Does Money Grow on Trees?
A thinning cut can often pay for itself while removing damaged or unwanted trees, leaving a pleasing forest with more recreational potential. Creating value from the land – from recreation, agriculture and forest products – is one way to slow urban sprawl. Allard Lumber harvests timber from land in Maine, Massachusetts, southern Vermont, New Hampshire, and New York. Our forestry specialists create lasting relationships with small woodlot owners in this area to create a management plan that will minimize the impact on the environment, maximize the long-term growth of your forest, and ensure a steady, sustainable harvest of forest products.
Central New England is the heart of the eastern hardwoods forest and landowners are making good money from their woodlots. Timber harvesting brings more than $100 million a year to owners in our area – Allard Lumber harvests lumber from land in Maine, Massachusetts, Southern Vermont, New Hampshire and New York. Woodlot owners often have the ability to receive $1,000 an acre for a well-managed sustainable harvest in a mature forest and the lot may be ready to harvest again in another 10 or 15 years. Many owners of small lots ask us if logging is good for the environment and the wonder how it will look when it is done. These are complicated issues and owners should take into consideration the environmental impact and resulting aesthetic changes, in addition to potential profit when making the decision to harvest their lots.
Our team will discuss these factors with you but here are some things to keep in mind:
- Forests of vigorous, healthy trees grow faster, produce more leaves and consume more carbon dioxide than old, crowded forests. You can maximize sustainable growth of your wood lot, create more profits and regular harvests by working with our team of professionals.
- Environmentalists and Fish and Game Departments recognize the benefits of small clearing to increase biodiversity. Letting younger trees and plants grow faster while creating a space for them to thrive generates a greater variety of habitats for birds and wild animals.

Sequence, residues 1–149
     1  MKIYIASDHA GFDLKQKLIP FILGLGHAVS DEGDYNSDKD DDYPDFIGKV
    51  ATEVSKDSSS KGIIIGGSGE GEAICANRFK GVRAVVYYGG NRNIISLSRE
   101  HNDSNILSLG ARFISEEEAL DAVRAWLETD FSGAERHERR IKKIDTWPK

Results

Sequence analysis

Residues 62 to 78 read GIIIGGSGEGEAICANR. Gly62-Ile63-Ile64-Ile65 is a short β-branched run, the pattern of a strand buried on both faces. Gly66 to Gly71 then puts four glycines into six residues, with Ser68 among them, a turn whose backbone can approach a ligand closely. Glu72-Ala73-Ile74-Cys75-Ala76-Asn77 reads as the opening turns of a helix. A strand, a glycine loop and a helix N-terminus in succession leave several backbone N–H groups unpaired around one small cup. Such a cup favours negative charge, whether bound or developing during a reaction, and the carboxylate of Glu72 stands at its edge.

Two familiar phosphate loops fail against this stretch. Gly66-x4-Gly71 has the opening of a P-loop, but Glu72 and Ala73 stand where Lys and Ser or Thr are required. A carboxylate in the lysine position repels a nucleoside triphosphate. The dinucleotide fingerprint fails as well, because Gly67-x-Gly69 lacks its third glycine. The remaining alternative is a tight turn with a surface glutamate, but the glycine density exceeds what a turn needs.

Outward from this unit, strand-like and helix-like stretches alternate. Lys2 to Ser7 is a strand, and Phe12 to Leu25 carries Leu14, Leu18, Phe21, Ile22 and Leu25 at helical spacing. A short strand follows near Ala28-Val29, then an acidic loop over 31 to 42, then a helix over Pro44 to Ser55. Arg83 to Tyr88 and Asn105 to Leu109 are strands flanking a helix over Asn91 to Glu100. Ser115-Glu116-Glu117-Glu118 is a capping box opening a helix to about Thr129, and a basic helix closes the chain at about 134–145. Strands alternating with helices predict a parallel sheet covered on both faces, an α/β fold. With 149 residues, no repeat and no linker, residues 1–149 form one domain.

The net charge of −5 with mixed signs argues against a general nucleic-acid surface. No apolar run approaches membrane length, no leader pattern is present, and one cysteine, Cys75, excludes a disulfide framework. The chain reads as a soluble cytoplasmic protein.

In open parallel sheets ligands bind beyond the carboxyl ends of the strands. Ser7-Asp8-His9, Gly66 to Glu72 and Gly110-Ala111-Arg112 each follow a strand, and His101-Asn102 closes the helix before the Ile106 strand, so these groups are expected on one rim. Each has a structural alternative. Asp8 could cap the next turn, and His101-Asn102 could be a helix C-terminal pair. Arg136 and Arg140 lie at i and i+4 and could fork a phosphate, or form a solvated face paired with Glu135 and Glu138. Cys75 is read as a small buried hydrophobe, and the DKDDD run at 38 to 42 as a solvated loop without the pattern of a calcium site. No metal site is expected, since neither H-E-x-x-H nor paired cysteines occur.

- A thinning cut can often pay for itself by removing damaged or unwanted trees, leaving a pleasing forest with more recreational potential. Creating value from land used for recreation, agriculture and managed forest areas is one way to slow urban sprawl.
Our Forestry specialists create lasting relationships with small woodlot owners while implementing a management plan that will minimize the impact to the environment, maximize the long term growth of your forest and ensure a steady, sustainable harvest of forest products. A call to Allard Lumber starts a process that is designed to help you get the most from your forest harvest. One of our foresters will visit you on your woodlot to create an individualized plan that fits your land and your needs. This plan becomes a written contract between you and Allard Lumber and will include details regarding the amount of timber to be harvested and any specific requirements.
Our loggers are trained to meet all state and federal requirements for environmental protection. They are committed to developing courteous, professional, long-term relationships with landowners and their families which result in repeat clients when their woodlots are once again ready to harvest. Our loggers will harvest your timber with as little impact as possible.
Allard Lumber and our employees are fully insured and our team will take great care to flag your property boundaries before marking the trees for cutting. Logging slash is lopped down to about four feet off the ground and pulp and saw logs are removed. Skidding is done in dry or frozen conditions and woods’ roads are restored. You can be paid as a lump sum purchase of your timber or weekly as it is cut.